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A nonprofit science group was a major driver of a resolution passed at a meeting of the U.S. Conference of Mayors (USCM) supporting the right of cities to sue fossil fuel producers for damages related to climate change.
The resolution, which ultimately passed, opposes any action by federal or state governments to provide energy producers with immunity from liability lawsuits related to climate change, such as the lawsuits already emanating from California city governments such as Oakland and San Francisco.
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Documents obtained by the Washington Free Beacon via California’s Public Records Act show that the Union of Concerned Scientists (UCS) helped draft the resolution, marshaled speakers on its behalf, created strategy, and provided assistance on the scene at the Honolulu conference in late June and early July.
While the legal action comes under the government’s imprimatur, the attorneys are third-party contractors working on a contingency fee basis, meaning they are only paid if the suits are successful and the courts reach a judgment against the energy producers.
Conservatives have argued such contingency fee arrangements with the state open the door for unchecked growth by the law enforcement arms of local governments.
The contingency fee attorneys, meanwhile, stand to reap millions in the event of a judgment in their favor. A Forbes article noted that the legal contract for Oakland provides for the attorneys to clear 23.5 percent of the “net recovery” in the event of a ruling that favors them.
Taken together, local governments suing energy producers are growing increasingly disassociated with the legal activity, as outside lawyers provide the legal work while auxiliary public relations battles—such as passing resolutions at quasi-governmental bodies like the USCM—are being organized and shepherded by a nonprofit.
The emails make clear that Mayor Tom Butt of Richmond, Calif., originated the resolution, but after starting the process, UCS latched on to the idea and ensured its success. Mayor Butt’s suburb of San Francisco filed its lawsuit against energy producers in January 2018.
After the USCM sent out an email to conference participants notifying them of a deadline to submit resolutions, Mayor Butt emailed two members of UCS saying, “We need to craft the policy statement and recruit cosponsors.”
A few days later, members of UCS scheduled a conference call with Mayor Butt and others in his office to discuss the following bullet points related specifically to the resolution:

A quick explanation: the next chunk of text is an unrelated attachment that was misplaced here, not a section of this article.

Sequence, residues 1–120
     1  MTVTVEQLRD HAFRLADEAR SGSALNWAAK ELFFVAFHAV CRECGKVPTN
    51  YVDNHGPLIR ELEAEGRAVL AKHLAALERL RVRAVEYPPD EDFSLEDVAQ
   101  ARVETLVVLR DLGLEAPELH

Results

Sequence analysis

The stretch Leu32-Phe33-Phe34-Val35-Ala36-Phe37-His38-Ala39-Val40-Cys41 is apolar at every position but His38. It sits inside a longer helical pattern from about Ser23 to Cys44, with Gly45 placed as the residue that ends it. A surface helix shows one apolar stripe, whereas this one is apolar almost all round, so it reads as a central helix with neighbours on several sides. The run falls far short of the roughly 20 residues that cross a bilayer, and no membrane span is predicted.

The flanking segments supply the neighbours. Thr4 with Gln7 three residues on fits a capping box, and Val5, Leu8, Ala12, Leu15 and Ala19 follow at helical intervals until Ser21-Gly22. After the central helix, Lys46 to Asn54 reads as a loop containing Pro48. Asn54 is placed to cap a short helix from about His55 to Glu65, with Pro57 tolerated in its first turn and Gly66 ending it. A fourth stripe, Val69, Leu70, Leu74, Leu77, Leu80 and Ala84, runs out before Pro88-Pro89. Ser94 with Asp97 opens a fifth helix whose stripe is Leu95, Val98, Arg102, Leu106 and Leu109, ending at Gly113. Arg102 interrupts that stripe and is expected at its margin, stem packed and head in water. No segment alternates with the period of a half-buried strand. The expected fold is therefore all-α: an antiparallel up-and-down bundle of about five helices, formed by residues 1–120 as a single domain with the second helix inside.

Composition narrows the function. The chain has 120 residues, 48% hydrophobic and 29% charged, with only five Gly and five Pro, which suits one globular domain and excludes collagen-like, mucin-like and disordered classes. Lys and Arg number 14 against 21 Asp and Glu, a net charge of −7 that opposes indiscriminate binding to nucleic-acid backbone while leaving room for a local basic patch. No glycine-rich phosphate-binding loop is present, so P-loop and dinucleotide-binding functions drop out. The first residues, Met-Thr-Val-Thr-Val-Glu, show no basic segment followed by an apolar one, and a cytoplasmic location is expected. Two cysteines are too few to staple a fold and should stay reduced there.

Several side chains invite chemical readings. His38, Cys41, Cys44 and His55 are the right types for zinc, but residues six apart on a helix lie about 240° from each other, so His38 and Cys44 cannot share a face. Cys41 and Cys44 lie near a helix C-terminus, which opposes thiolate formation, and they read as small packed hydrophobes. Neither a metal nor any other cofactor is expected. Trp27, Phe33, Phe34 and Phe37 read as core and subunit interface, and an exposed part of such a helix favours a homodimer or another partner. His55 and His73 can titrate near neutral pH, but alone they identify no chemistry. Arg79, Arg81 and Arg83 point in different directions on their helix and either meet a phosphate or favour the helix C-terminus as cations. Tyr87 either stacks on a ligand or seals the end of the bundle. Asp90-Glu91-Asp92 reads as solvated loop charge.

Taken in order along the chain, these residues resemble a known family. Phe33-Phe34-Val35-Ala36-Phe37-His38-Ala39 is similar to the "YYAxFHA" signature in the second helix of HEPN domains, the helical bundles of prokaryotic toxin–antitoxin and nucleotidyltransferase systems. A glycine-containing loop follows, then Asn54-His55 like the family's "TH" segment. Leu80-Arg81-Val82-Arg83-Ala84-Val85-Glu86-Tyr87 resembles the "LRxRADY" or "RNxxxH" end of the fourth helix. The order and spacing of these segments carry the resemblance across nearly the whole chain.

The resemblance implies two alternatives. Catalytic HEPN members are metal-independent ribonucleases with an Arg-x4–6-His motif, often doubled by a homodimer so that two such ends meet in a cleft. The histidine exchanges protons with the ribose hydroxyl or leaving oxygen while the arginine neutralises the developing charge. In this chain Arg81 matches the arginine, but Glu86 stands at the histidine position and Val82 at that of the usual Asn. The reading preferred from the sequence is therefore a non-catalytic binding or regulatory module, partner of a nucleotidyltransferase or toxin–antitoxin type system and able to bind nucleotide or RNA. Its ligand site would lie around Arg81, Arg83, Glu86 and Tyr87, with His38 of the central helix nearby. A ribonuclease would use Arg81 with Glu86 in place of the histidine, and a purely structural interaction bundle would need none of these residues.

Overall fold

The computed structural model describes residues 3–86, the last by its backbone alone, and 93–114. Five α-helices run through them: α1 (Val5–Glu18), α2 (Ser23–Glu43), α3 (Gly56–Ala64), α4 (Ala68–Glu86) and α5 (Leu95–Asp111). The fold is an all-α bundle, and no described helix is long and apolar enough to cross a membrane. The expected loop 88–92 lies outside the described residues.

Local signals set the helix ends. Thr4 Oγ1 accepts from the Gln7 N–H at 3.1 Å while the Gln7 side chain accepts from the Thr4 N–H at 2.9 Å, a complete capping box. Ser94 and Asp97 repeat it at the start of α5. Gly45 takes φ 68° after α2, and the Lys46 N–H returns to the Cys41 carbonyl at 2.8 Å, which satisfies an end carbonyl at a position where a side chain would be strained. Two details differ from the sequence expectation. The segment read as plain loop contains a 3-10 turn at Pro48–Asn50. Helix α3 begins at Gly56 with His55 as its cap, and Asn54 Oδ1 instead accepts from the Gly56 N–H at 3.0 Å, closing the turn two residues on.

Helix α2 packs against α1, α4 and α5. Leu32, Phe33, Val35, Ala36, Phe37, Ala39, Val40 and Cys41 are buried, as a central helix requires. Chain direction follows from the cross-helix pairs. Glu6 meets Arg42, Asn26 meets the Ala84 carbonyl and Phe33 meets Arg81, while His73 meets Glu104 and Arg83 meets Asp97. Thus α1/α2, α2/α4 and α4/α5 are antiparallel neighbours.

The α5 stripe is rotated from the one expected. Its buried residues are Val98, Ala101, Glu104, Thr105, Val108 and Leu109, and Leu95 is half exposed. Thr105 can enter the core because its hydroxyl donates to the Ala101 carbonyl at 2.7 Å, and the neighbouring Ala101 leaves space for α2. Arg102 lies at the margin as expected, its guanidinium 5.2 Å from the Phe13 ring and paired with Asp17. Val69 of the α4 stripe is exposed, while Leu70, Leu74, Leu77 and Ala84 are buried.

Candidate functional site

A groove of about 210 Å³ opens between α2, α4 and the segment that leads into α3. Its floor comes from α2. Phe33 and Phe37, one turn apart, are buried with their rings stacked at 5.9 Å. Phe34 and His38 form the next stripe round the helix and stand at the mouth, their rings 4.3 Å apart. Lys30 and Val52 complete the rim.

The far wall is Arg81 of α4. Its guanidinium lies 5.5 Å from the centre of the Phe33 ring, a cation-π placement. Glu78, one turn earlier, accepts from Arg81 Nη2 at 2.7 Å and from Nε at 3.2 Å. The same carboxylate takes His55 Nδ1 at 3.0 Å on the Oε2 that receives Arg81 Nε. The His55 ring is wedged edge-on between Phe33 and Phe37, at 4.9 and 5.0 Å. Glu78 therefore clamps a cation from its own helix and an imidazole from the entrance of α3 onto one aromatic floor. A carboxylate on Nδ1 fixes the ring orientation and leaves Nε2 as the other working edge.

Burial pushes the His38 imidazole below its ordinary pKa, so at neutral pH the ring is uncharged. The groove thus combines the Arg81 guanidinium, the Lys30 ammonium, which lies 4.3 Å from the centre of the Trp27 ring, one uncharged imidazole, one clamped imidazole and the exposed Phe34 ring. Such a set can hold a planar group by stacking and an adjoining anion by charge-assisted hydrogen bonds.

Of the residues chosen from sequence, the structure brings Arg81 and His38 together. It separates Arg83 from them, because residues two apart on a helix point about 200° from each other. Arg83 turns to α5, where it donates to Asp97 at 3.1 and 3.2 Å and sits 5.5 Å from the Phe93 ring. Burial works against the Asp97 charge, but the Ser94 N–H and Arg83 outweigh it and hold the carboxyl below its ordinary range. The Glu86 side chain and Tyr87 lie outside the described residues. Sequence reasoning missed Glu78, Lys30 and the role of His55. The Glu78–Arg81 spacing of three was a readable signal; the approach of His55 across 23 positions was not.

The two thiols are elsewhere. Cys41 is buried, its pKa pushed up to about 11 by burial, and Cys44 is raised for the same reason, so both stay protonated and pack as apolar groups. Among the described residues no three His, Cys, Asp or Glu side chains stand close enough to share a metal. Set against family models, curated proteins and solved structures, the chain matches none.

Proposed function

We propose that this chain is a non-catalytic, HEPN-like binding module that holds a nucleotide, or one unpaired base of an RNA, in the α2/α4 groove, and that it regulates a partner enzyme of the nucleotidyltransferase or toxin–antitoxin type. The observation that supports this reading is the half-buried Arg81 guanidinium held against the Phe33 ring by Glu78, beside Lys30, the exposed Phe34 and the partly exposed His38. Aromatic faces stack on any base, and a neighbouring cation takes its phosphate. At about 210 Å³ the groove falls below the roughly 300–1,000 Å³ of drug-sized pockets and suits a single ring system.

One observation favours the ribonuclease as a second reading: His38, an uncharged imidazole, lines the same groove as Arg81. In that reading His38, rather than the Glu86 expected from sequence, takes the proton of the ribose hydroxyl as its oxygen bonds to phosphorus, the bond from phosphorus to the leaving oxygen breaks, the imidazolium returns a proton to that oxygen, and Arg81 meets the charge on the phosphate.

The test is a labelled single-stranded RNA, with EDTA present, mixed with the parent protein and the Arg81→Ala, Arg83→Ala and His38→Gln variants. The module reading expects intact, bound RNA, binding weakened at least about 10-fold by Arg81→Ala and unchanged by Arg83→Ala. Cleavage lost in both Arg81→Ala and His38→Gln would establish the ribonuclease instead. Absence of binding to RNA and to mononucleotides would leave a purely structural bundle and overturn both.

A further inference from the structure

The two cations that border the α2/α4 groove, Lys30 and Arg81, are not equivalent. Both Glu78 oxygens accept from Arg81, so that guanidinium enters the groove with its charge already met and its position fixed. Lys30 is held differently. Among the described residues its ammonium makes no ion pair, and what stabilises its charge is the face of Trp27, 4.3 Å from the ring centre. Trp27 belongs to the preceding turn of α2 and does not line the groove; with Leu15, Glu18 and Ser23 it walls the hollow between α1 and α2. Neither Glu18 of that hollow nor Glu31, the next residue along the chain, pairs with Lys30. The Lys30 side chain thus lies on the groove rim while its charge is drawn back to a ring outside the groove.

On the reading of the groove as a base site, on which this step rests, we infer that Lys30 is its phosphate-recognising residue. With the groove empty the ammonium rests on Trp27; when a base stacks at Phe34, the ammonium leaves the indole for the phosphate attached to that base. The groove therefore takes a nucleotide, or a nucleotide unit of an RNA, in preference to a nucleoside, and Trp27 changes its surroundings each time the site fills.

- Sharing of information—what we have both found out; feedback on political advisability of approach
- Clarify whether moving forward
- If so, next steps—who’s going to do what by when
- Do we recruit advance ‘signers’ or co-proponents? If so, who does what?
“We appreciate their support,” Mayor Butt said in an email to the Free Beacon when asked if the resolution could have been carried off without UCS.
“Clearly, we could not do this by ourselves,” he concluded.
A spokesman for UCS, however, downplayed the nonprofit’s importance.
“To say that we’re driving these efforts, however, doesn’t give credit to the elected leaders and communities trying to protect their homes and take on fossil fuel companies who have played an outsized role in making the problem worse,” UCS communications officer Ja-Rei Wang said.
Another California mayor, Martine Watkins of Santa Cruz, also attended the USCM summer conference supporting the resolution, as her city has an ongoing suit against energy producers.
Prior to the conference, Watkins had touted to constituents her upcoming support for the resolution in a newspaper column, which also highlighted that taxpayer money was not being used on the trip. The Free Beacon reported in June that UCS paid for Watkins’s conference fees, although emails show UCS was willing to pay for more travel expenses.
Follow-up reporting showed that Watkins had not even contemplated attending the USCM meeting in Honolulu until UCS approached her with the suggestion.
UCS has been involved from the earliest moments in a larger plan by climate activists to hamstring or harm Exxon and other fossil fuel producers, which dates back to a 2012 conference in La Jolla, Calif.
In a separate legal matter, a Texas judge noted the motives of the La Jolla conference attendees, which included Peter Frumhoff, the director of science and policy for UCS.
“During the conference, participants discussed strategies to ‘[w]in [a]ccess to [i]nternal [d]ocuments’ of energy companies, like ExxonMobil, that could be used to obtain leverage over these companies,” the judge wrote.
“The conference participants concluded that using law enforcement powers and civil litigation to ‘maintain pressure on the industry that could eventually lead to its support for legislative and regulatory responses to global warming.’ One commentator observed, ‘Even if your ultimate goal might be to shut down a company, you still might be wise to start out by asking for compensation for injured parties.'”
In 2016, the Free Beacon reported that UCS told professors at Virginia’s George Mason University that efforts to bring racketeering charges against major oil producers was not legally sound.
“Instead, the group suggested pushing for charges against those companies at the state level,” the Free Beacon reported at the time.
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